Direct pipeline to next level sailing

Published on April 21st, 2021

In The One Design Line, US Sailing’s e-Newsletter for one design sailors, 2NINER skiff coach Philip Muller discusses how the 29er Class can be the gateway for the next generation of sailors:


How does getting involved in skiff sailing as a youth sailor help them transition into the adult world of one design sailing?

The skills we focus on and develop in high-performance racing embolden sailors to succeed in sport and life. The speed and pace of racing forces you to be forward thinking.

I spent a lot of time as a youth sailor talking to myself, frustrated while slogging around the course. Learning to focus on a solution rather than the problem is what high-performance racing is all about. Something is going to go wrong, and it is up to you to put the fire out and get back to racing. If that is not a metaphor for life, I don’t know what is.

As far as life opportunities, high-performance sailing opens doors. Our role at 2NINER is to develop and connect talent to a larger network of experts within our sport. Whatever a sailor’s goal or interest, we support them and introduce them to our larger sailing family. Graduates of our youth program are current Ivy-League collegiate athletes, Olympic-class campaigners, professional sailors, and World Champions.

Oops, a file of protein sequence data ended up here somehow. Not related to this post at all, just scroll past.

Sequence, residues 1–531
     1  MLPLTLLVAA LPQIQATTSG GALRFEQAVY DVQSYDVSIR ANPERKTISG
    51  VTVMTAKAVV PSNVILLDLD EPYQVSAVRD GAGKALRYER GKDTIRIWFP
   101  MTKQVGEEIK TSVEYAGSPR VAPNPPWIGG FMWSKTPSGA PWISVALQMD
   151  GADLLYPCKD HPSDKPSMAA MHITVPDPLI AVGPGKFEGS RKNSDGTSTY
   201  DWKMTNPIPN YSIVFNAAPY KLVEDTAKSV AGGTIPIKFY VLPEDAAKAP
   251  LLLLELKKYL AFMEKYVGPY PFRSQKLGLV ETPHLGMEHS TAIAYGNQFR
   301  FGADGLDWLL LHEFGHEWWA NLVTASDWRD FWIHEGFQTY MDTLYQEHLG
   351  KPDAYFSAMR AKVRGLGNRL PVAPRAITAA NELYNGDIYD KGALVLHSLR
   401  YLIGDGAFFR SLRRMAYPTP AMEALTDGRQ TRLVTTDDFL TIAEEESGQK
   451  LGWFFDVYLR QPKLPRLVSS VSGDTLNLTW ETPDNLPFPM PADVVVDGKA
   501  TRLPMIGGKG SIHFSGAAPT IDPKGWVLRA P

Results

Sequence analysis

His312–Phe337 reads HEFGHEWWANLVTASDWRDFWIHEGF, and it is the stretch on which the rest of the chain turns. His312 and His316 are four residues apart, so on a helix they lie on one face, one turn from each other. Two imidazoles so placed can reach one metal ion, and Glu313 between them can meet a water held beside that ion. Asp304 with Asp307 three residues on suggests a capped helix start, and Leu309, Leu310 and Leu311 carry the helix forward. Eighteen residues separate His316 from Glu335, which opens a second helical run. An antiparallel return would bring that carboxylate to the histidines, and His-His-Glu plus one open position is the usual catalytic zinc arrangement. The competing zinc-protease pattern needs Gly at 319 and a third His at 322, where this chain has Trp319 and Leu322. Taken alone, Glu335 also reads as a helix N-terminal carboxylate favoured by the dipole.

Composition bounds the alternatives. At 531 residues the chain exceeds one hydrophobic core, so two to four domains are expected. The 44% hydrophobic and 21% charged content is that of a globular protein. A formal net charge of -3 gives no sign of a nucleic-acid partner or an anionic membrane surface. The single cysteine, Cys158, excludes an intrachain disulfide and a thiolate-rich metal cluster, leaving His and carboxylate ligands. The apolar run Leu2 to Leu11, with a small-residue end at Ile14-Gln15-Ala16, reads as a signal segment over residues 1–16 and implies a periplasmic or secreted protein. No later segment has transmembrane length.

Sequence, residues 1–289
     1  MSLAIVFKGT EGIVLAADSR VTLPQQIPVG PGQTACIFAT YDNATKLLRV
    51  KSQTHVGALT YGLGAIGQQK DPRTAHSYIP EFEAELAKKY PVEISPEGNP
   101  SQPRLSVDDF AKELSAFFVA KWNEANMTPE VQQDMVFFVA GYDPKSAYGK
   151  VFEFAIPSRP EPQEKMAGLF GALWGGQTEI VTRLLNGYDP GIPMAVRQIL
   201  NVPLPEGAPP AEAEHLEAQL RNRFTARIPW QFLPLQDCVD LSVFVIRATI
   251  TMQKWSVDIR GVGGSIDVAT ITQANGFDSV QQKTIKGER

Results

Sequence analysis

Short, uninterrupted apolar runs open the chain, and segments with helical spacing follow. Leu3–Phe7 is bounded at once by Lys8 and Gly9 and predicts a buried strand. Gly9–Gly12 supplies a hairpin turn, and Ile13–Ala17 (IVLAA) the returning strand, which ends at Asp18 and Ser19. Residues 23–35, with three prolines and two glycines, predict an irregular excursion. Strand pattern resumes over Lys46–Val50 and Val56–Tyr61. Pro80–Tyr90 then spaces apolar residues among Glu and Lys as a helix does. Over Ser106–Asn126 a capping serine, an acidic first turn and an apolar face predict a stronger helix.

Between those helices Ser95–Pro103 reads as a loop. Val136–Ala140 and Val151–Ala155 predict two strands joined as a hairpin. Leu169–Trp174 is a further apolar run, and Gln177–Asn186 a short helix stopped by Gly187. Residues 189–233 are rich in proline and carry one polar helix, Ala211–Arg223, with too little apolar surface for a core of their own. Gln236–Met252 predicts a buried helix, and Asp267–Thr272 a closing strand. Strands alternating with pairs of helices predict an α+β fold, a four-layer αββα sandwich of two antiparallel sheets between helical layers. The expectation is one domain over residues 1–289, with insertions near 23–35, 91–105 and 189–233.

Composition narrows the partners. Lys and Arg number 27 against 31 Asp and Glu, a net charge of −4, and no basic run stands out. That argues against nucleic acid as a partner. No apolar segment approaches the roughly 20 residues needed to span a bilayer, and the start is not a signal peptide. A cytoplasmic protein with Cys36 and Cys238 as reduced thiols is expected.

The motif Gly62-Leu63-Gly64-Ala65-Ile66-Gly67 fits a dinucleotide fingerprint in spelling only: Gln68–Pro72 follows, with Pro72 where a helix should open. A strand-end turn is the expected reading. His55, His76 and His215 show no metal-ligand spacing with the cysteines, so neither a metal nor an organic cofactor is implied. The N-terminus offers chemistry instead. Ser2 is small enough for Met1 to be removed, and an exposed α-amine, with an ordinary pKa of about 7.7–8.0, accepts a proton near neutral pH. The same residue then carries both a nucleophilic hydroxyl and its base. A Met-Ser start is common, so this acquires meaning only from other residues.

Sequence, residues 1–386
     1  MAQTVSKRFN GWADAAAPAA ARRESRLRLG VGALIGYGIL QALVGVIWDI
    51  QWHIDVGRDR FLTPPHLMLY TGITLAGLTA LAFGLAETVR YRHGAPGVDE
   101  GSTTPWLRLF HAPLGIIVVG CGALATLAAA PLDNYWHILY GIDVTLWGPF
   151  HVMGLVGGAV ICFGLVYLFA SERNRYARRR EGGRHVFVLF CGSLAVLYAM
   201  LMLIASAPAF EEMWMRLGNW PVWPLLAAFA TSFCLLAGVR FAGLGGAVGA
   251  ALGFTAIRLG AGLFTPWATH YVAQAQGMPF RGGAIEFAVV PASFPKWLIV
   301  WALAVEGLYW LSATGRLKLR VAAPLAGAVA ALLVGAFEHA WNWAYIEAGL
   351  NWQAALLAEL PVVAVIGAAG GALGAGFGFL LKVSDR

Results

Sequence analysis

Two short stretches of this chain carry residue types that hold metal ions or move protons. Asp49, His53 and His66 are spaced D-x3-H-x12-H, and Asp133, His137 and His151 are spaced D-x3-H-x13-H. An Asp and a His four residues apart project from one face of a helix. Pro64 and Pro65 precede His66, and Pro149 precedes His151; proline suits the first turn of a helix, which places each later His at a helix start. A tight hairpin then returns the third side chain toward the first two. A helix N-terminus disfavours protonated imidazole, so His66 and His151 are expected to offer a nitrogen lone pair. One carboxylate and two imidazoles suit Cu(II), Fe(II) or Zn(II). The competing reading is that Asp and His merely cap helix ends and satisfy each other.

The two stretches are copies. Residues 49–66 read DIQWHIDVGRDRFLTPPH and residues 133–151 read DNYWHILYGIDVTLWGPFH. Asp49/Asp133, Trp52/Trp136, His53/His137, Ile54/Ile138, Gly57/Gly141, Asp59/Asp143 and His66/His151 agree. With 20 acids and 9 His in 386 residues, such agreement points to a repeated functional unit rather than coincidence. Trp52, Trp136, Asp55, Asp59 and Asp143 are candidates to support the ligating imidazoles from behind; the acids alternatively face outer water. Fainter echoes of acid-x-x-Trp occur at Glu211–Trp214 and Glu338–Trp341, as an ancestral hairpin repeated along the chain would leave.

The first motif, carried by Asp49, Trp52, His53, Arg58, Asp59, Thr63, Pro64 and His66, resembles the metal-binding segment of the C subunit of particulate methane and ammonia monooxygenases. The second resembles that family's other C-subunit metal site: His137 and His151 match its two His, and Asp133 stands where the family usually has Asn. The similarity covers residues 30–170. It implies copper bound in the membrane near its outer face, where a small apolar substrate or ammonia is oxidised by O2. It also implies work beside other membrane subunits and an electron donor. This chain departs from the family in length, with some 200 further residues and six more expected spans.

What does the future hold for these youth sailors as they grow up? Is the vision that they stay in skiffs or foiling boats? Or are they learning skills from skiffs that can be transferred across classes?

The 29er class is a direct pipeline to next level sailing. Crews develop explosive strength, coordinated accuracy and precision hand and footwork. Sail trim is an ever-moving target in apparent wind sailing, it takes a lot of focused training to manage so many things in order to constantly put the sails in the sweet spot.

Skippers develop a heightened sense of feel and awareness of performance of the boat. The skipper’s ability to put the boat in the right spot and remain calm, cool and collected under pressure is a skill every human needs.

Communication between the helm and crew is everything. To be in harmony with the boat and each other, and then scan the water to make split second tactical decisions requires a depth of skill that prepares athletes for any challenge our sport has to offer.

So, what does the future hold?

The future is fast. After practice we go foiling or kiting for fun. These skills require dynamic athleticism learned by trapezing, hoisting, and trimming while on the knife’s edge prepares athletes for the next level.

Skills of teamwork, communication, and discipline are welcomed universally. Take a quick scan of the pro circuit Etchells, Melges, and J fleets and you will find high performance sailors scattered throughout.

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